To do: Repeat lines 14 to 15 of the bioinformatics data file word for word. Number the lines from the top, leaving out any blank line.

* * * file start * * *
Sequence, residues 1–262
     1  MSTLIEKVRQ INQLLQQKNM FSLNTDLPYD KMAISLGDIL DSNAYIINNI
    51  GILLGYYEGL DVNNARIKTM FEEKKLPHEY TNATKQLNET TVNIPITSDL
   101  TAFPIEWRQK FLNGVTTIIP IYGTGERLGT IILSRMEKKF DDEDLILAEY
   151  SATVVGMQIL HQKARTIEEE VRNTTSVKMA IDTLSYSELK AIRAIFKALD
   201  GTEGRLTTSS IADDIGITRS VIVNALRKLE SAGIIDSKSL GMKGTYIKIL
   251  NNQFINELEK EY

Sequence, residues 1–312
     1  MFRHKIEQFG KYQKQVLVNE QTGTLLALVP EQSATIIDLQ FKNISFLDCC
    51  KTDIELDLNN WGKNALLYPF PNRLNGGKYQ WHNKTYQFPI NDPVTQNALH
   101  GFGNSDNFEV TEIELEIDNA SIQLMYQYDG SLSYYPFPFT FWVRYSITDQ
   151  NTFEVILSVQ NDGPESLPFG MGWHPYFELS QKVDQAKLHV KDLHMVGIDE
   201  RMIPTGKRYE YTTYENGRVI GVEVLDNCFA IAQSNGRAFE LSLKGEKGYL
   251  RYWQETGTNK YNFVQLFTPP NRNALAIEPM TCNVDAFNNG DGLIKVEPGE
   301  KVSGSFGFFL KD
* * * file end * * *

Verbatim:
   251  RYWQETGTNK YNFVQLFTPP NRNALAIEPM TCNVDAFNNG DGLIKVEPGE
   301  KVSGSFGFFL KD